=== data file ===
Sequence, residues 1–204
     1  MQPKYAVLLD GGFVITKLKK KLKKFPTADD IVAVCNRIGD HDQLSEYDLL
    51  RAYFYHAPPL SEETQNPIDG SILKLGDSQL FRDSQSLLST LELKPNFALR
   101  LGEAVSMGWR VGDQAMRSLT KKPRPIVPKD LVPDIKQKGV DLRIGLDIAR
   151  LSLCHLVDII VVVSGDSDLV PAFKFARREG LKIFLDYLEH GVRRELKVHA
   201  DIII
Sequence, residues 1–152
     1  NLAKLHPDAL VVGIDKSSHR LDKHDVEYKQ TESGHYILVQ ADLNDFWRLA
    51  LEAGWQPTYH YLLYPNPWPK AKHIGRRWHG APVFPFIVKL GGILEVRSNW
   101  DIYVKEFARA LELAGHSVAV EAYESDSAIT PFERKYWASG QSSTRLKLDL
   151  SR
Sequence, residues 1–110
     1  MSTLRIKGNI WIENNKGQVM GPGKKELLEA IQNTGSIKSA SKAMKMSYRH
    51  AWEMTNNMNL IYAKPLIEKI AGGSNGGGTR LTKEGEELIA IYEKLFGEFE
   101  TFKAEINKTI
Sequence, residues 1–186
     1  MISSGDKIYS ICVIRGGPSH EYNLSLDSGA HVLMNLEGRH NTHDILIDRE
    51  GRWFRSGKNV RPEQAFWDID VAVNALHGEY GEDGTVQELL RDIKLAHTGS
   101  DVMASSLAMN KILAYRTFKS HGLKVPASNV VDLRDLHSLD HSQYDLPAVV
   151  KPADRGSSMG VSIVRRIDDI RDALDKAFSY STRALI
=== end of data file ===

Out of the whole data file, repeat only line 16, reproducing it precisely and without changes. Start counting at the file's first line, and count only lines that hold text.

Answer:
Sequence, residues 1–186